Autumn was nice while it lasted . . .

Autumn was nice while it lasted . . .

About Garden Bloggers Bloom Day

Inspired by the words of Elizabeth Lawrence, “We can have flowers nearly every month of the year,” Carol of May Dreams Gardens started Garden Bloggers Bloom Day. On the 15th of every month, garden bloggers from all over the world publish what is currently blooming in their gardens, and leave a link in the comments of May Dreams Gardens.

About the Author

Kathy Purdy is a colchicum evangelist, converting unsuspecting gardeners into colchicophiles. She would be delighted to speak to your group about colchicums or other gardening topics. Kathy’s been writing since 4th grade, gardening since high school, and blogging since 2002.

When dealing with frost it is always best to be paranoid. In the spring never think it is too late for one more frost to come. And in the fall never think it too early.

~Rundy in Frost

Comments on this entry are closed.

Sue December 3, 2008, 10:34 pm

Hi Kathy,
I am trying to catch up with the blogs I’m following, and glad I made it here. You did still have a lot of nice looking foliage and some pretty flowers!

Kathy Purdy November 26, 2008, 8:19 pm

High of 34F for Thanksgiving Day

Shirley Bovshow "EdenMaker" November 26, 2008, 1:43 am

Hi Kathy,
Glad to read the weather was mild for you not too long ago. What is Thanksgiving day supposed to be like in your parts?
Shirley

susieshomemade November 25, 2008, 5:14 pm

Ours are done too:-)

Kathy Purdy November 25, 2008, 3:54 pm

Thank you for all the kind comments. Debra, how sad you thought you needed an invite! Garden Bloggers Bloom Day is for everyone who wants to join in.

debra November 25, 2008, 10:23 am

hi Kathy, it’s nice to know Garden Bloggers Bloom Day is *forgiving* enough to allow some give and take in the calendar. Kinda the way I remember birthdays. I always thought I had to be invited to participate in tht phenom. Now that I know what a meme is, I will try and remember to play with you on dec. 15th. and oh, stay warm! debra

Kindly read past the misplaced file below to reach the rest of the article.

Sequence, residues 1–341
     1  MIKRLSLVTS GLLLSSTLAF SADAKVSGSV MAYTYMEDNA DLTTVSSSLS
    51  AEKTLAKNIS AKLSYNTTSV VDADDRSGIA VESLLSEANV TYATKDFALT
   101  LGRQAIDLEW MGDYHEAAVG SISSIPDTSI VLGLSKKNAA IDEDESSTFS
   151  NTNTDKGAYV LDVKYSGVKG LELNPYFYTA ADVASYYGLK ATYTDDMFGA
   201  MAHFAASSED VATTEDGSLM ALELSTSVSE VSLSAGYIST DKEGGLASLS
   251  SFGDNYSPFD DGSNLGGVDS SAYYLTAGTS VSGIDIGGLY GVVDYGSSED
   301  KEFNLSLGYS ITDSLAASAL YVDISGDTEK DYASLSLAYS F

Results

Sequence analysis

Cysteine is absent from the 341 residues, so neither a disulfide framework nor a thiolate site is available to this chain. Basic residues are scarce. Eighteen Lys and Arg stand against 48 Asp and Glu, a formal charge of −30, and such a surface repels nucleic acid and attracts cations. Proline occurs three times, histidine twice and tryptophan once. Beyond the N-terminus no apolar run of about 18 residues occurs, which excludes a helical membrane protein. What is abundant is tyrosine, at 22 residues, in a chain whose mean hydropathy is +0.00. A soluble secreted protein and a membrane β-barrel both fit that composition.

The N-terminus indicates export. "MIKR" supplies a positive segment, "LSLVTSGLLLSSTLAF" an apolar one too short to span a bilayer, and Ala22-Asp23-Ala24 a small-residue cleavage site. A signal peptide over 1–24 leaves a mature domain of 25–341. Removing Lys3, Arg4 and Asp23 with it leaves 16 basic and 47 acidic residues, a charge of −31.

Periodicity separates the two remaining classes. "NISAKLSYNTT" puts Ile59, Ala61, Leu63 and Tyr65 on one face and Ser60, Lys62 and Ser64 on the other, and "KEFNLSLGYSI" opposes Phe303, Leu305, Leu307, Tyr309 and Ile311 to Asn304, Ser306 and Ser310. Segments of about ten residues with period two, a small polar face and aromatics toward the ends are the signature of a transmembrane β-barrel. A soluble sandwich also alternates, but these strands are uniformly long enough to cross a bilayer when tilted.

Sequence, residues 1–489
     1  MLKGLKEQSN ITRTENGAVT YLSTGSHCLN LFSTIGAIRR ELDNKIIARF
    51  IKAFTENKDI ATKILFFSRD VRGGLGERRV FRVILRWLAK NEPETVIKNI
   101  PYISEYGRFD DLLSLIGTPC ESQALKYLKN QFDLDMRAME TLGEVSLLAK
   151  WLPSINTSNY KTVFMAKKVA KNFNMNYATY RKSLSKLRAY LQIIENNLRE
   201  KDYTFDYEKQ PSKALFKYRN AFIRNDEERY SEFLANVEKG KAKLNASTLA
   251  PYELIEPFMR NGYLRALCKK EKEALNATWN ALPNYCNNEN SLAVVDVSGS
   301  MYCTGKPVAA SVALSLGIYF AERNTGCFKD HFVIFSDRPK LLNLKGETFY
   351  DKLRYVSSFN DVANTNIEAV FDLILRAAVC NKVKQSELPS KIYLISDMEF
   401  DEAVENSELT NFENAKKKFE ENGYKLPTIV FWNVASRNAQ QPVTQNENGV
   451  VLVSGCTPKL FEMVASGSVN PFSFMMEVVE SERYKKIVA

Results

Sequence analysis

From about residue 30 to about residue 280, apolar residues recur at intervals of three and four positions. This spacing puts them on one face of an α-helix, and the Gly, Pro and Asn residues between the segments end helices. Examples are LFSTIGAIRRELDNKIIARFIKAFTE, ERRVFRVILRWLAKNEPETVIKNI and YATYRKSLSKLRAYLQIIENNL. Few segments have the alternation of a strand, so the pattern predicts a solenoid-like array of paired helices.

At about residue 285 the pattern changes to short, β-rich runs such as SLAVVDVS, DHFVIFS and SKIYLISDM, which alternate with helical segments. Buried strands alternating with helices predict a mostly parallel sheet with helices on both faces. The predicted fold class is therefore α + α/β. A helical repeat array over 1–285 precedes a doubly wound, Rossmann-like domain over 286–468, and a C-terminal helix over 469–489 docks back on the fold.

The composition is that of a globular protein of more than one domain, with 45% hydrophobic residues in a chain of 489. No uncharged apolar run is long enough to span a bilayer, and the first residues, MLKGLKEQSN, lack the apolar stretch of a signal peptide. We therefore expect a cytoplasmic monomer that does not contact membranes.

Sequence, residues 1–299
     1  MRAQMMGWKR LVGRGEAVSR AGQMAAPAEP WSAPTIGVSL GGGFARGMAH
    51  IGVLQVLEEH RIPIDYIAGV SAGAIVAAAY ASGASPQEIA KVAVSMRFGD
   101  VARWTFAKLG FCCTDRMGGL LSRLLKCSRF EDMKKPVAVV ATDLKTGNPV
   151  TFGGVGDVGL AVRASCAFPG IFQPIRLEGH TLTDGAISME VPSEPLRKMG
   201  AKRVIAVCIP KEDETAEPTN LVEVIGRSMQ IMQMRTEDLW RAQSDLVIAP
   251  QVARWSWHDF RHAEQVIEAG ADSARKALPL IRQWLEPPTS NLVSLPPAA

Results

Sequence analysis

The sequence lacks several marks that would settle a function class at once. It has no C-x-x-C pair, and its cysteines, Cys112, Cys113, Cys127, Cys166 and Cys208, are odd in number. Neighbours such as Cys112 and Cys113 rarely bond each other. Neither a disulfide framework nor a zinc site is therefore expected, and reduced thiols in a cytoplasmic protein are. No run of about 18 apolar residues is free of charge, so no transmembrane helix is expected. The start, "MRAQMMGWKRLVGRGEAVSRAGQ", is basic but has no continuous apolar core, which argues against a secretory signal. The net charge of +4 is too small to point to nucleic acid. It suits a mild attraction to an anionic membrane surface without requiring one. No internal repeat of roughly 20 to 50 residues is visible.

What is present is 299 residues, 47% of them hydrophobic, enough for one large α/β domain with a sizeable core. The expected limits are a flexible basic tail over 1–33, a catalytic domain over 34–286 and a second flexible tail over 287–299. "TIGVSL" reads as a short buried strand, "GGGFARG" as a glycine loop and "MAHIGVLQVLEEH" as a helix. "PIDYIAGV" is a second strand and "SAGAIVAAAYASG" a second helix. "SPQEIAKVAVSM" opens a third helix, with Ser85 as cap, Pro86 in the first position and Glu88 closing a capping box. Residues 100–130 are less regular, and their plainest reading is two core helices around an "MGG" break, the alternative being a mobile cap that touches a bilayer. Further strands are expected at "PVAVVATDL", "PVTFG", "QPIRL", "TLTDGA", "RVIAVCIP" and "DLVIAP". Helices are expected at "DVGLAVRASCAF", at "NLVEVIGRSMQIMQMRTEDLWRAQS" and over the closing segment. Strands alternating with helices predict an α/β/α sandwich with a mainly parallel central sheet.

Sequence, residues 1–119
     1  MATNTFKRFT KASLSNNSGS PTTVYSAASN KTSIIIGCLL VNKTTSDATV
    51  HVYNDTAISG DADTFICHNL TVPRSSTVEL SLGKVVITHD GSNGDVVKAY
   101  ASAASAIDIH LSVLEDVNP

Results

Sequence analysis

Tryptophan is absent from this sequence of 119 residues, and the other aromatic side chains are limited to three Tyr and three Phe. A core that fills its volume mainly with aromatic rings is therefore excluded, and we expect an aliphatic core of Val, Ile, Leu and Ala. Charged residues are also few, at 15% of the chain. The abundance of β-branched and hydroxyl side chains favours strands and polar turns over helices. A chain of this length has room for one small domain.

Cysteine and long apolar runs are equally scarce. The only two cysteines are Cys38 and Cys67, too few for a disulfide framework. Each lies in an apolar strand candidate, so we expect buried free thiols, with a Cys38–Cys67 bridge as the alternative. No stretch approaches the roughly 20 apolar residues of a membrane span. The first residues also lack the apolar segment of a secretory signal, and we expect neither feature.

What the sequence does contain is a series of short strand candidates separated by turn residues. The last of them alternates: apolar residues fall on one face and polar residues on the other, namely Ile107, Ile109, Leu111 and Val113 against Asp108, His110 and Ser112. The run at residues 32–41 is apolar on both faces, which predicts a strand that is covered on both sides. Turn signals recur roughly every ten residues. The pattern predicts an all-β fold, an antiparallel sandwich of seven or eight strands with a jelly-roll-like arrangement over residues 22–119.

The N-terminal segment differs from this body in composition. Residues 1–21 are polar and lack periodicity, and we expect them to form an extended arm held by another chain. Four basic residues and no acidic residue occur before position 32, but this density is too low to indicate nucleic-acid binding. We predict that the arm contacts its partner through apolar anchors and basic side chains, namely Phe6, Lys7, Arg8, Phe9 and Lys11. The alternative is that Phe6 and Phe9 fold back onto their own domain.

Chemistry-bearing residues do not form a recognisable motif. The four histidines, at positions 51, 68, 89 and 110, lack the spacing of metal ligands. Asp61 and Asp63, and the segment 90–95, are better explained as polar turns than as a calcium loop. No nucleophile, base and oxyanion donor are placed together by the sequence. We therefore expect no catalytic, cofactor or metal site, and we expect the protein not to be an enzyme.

dlyn November 25, 2008, 8:32 am

After a mild fall it seems we are getting winter early – it looks like Christmas morning out there today! Grasses in the winter are one of my favorite sights.

Mr. McGregor's Daughter November 24, 2008, 11:32 pm

That Penstemon is worth growing for the autumn foliage alone. I’m seriously tempted by Bergenia ‘Lunar Glow.’ I have Bergenia, but that one is so different. Please post photos of it when the snow melts to show how it holds up after winter.

eliz November 24, 2008, 10:56 pm

Beautiful blooms Kathy! Love the feverfew.

Annie in Austin November 24, 2008, 9:53 pm

I enjoy seeing the ‘Tapestry’ heucherella again – it’s hardy enough to come back in spring, I hope?

This is a good record to look back on, Kathy – even though “spunky” and “intrepid” can take a plant only so far once the North wind blows.

Annie at the Transplantable Rose

Carol, May Dreams Gardens November 24, 2008, 9:38 pm

It’s nice to remember what was, and remember how quickly “winter” can take it away from us. Thanks for joining in, even a few days late!

Carol, May Dreams GArdens